At this point I cannot fail to quote from blog post of Jose Miguel Mulet, a Spanish plant scientist from CSIC and a leader in the hispanic science/biotechnology communication community (the hispanic equivalent of Kevin Folta):
“How can it be that a technology created with Spanish public funds end up in the hands of a private American company? Because of the aberrant anti-GMO European law. No European or Spanish company is interested in commercially developing this wheat due to obstacles in the authorization process, which virtually preclude its market release, although clinical trials are also being done in Spain. The result: licensing rights have been acquired by the American company Dow Agrosciences, given that the authorization process in the United States is much easier. So while here we are collecting signatures to subsidize gluten-free food, in the United States they have acquired the rights of an effective technology to reduce the cost.”
That is the sad part: an effective solution to a serious health problem has been developed, thanks to the work of a public institution, but it cannot be commercially available in the country that developed the technology. It is highly likely that Spain will import the flour and the products derived from the GM wheat from the United States in the future, while they could produce it at a lower cost in their own country if the law allowed it.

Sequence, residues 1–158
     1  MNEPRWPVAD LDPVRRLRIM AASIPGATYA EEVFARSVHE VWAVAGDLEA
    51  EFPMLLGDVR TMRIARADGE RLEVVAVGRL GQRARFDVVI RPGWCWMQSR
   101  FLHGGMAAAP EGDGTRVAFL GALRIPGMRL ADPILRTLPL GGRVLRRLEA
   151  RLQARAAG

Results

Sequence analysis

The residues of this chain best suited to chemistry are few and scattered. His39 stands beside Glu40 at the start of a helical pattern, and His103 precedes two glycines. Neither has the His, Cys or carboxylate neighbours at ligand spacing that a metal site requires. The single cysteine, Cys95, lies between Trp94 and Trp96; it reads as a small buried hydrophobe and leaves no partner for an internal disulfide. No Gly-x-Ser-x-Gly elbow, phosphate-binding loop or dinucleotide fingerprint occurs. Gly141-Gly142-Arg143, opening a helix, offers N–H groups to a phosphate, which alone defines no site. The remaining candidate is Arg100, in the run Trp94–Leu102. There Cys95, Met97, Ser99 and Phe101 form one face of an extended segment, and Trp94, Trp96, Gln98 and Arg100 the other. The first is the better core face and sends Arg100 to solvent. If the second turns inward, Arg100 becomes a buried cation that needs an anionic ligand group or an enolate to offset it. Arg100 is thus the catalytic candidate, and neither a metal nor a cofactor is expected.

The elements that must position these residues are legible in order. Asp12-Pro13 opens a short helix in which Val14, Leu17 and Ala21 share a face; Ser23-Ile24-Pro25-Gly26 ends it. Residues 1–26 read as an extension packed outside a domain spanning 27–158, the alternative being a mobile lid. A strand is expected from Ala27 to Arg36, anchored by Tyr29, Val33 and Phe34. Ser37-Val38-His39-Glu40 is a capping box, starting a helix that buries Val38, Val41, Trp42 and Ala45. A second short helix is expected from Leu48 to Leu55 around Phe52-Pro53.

If you have a relative, friend or acquaintance who suffers from celiac disease, tell them that genetic engineering has already created a safe, gluten-free wheat, and also tell how opposition to this technology and the anti-GMO movement are possibly preventing its market release.
Written by Guest Expert
Daniel Norero serves as a consultant in scientific communication and writes a column in the Chilean “El Definido.” He studied biochemistry at the Catholic University of Chile and worked as a laboratory assistant in plant sciences. Currently, he is studying digital marketing and social media management. He founded “Yo Quiero transgénicos”, a citizen project to inform about GMOs, and is a Cornell Alliance for Science Fellow.